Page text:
On last week’s Chamber LIVE show, a series we host on our Facebook Page live every Thursday at noon, I mentioned that growth and development in Bennington would take Catalytic Leadership. This was in reference to the development announced around the Putnam Block.
In 2014, the Association for Chamber of Commerce Executives (ACCE) launched “The Horizon Initiative. “ This group was tasked with discovering the crucial factors that will influence chambers, communities and economies in the next decade. Initially, the project tried to quantify how “chambers” would and could survive but the researchers found that chambers all over the U.S. are different: some small, some large, some urban, and some rural. There was just no way to provide a silver bullet that would apply universally to all chambers. Instead, the initiative began to focus on the change factors that should influence a chamber no matter its location or type.
At the Bennington Chamber’s strategic retreat earlier this year, we took a look at all eight factors the initiative looked at, with the eighth being Catalytic Leadership.
Of all the factors, the Horizon Initiative put the greatest emphasis on this last one because it is the catalyst that drives the rest of the factors. The combined effect of forces within a community, great universities and powerful local leaders are the most predicable solution to America’s biggest current problem: winning the global war for good jobs and great communities. Unfortunately, the struggle for willing and able volunteer leadership is likely to only intensify over the next decade.
Successful organizations, projects, and initiatives of the future will require at least a handful of leaders who exhibit these traits: staggering levels of focus, commitment to excellence, fiery passion, persistence and humble understanding that only the power of a team can yield success. You can start to see a trend emerging as we talked Level 5 Leadership in last week’s column and Catalytic Leadership in this week’s.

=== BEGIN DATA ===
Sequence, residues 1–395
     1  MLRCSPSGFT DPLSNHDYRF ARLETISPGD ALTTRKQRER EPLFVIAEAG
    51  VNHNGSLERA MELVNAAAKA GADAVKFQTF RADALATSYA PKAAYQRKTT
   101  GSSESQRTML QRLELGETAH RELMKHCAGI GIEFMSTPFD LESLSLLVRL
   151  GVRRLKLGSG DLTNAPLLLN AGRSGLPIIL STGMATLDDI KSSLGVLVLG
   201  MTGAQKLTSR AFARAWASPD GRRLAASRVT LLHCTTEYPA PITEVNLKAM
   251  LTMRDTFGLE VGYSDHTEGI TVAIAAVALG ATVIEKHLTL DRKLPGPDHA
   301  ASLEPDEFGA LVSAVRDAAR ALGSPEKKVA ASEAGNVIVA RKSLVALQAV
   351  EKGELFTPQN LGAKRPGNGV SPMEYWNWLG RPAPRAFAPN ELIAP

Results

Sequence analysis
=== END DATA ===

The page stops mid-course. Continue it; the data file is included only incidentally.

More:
How do leaders become catalytic? It starts when those involved begin to define their vision in terms of what the organization (or initiative, project, dream) will be, rather than what it will do. The business side of these initiatives will require leaders who cause change to happen in communications, development, design and direct support.
Additionally, community-imposed limitations on leaders who seek to be catalytic could drive some of the best leaders from our area. This goes beyond the Putnam Block. When I look around we have some great potential Catalytic Leaders who are testing the flexibility and adaptability of our town and their organizations at the moment. Challenged with too many limitations and roadblocks, these leaders might decide to leave!
Aligned community leadership is, in many ways, the holy grail of community advancement. When elected officials, bureaucrats, corporate leaders, chambers, economic developers, media, non-profits, clergy, and other influencers of a community can come together with one common goal and approach, truly remarkable things can happen.
It will take the full community to make projects like the Putnam Block (and others) to really ignite and be successful. It starts with Catalytic Leaders, and as you can see already, Bennington has a treasure chest of them!
Let’s Go For It!
There are many factors that come into play when starting a business, managing a business and creating a product or service that people love. But in my experience what separates mediocre business and business leaders from great ones is the ability to get ideas to go, to move, “to ship.” The most creative and effective people (the doers, hustlers, movers, shakers, and innovators) are people that have had plenty of opportunity to say “no” to that nagging voice in the back of their heads telling them to drop the idea and yet, against the odds, they say, “Yes, let’s go for it!”
We all have ideas, talent, creativity, and thoughts (and if you don’t think you do just remember what you did with a box of crayons and some paper when you were a kid); unfortunately for most people they don’t always share those great ideas or thoughts with the world. Why not?